Global Warming May Create Island Refuges for Corals

Upwelling to bring cold, nutrient rich waters to Gilbert Islands.

Written by
John Virata

The warming of the world’s oceans are expected to have adverse effects on corals, but certain areas may provide a safe haven to certain corals, according to a study published in the journal Nature Climate Change. The study was completed by climate scientist Kristopher Karnauskas from the Woods Hole Oceanographic Institution and coral scientist Anne Cohen. The scientists say that while the effects of global warming will be devastating to corals worldwide, a handful of islands in the equatorial Pacific will benefit from increased upwelling of cold water in the region. This upwelling, which the scientists predict will gain strength, will bring nutrient-rich waters to the corals that need it.

“Our model suggests that the amount of upwelling will actually increase by about 50 percent around these islands and reduce the rate of warming waters around them by about 0.7 degrees Celsius (1.25 degrees Fahrenheit) per century,” Karnauskas said in a press release put out by Woods Hole Oceanographic Institution.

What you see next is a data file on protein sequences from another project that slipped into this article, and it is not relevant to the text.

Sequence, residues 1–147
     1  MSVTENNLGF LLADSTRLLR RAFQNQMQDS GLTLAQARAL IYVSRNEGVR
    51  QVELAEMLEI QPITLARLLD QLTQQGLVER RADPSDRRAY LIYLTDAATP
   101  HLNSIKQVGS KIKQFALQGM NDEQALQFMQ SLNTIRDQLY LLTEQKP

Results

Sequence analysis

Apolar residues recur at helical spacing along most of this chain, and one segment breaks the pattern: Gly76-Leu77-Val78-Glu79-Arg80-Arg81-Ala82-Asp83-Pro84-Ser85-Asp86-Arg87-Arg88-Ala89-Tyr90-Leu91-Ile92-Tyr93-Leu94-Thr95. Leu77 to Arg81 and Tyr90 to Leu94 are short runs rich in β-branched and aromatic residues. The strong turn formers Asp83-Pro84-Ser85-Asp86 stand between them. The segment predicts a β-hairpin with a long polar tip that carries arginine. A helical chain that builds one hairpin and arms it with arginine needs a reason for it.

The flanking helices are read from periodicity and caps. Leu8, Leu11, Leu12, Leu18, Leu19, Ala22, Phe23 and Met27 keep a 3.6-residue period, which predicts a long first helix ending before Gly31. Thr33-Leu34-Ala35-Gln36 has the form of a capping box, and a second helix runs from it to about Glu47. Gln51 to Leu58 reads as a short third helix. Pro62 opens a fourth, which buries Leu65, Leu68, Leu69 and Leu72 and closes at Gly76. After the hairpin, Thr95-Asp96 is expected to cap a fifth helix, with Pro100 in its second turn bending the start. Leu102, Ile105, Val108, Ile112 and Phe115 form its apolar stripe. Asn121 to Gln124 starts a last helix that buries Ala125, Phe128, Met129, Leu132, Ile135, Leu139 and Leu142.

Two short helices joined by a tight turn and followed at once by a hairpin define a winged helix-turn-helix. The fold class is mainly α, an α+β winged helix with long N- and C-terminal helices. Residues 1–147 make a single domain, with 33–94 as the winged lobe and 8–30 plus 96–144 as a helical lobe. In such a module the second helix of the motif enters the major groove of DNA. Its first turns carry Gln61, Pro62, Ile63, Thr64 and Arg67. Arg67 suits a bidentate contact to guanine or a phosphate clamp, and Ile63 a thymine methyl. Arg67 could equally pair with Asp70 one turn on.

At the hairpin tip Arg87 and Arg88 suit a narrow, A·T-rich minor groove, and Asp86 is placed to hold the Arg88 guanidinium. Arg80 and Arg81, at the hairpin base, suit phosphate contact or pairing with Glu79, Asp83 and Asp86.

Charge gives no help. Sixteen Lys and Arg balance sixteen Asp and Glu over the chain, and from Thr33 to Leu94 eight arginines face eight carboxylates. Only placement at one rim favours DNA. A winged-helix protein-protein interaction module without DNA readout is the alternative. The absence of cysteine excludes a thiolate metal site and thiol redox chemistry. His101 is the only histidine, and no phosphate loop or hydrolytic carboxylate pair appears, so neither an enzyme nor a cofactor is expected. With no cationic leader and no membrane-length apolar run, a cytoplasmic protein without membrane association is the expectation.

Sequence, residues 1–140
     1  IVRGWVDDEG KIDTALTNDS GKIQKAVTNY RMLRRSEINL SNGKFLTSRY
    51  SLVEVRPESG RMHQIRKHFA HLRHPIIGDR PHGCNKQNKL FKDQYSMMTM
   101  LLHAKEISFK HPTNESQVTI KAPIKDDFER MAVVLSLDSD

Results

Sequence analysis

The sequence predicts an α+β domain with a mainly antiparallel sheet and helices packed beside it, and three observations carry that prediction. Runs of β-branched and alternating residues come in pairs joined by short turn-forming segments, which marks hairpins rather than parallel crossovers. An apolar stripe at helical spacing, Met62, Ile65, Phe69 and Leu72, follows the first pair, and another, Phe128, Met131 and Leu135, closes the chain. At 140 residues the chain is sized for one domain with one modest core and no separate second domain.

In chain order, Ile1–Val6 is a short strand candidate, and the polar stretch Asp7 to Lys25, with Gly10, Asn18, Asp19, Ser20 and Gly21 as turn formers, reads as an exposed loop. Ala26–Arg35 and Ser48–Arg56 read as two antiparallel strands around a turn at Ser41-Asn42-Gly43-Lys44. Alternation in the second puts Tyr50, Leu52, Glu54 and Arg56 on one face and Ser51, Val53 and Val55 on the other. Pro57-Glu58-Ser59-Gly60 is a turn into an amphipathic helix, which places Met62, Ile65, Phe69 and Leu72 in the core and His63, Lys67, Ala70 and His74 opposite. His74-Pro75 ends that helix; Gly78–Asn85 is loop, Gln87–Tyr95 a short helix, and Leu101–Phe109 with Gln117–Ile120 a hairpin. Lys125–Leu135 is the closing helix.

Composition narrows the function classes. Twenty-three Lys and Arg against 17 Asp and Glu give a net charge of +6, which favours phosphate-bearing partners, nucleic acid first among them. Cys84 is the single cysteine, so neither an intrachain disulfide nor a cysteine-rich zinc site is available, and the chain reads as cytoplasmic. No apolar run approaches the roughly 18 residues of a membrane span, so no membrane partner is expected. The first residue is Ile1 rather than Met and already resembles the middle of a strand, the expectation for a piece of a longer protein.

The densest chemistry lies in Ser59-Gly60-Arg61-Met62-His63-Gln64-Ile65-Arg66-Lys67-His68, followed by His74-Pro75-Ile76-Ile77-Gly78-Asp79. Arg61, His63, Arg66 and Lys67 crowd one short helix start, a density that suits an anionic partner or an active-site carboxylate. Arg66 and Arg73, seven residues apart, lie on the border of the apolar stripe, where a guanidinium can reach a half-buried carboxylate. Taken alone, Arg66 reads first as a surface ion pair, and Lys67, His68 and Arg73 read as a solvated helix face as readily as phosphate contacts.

The researchers believe that warming near the Gilbert Islands, a chain of 16 atolls and coral islands, won’t be as fast as elsewhere in the ocean. This slower pace of warming may give the corals around the islands the capability to adapt to the new water temperatures. This slower rate of temperature change around the islands, they say, might also lead to a refuge for new corals and other species that could recolonize reefs damaged by the effects of climate change.

“While the mitigating effect of a strengthened equatorial undercurrent will not spare the corals from the perhaps inevitable warming expected for this region, the warming rate will be slower around these equatorial islands, which may allow corals and their symbiotic algae a better chance to adapt and survive,” Karnauskas said. If the model holds true, then even if neighboring reefs are hit hard, equatorial island coral reefs may well survive to produce larvae of corals and other reef species. Like a seed bank for the future, they might be a source of new corals and other species that could re-colonize damaged reefs.”

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Article Categories:
Fish · Lifestyle

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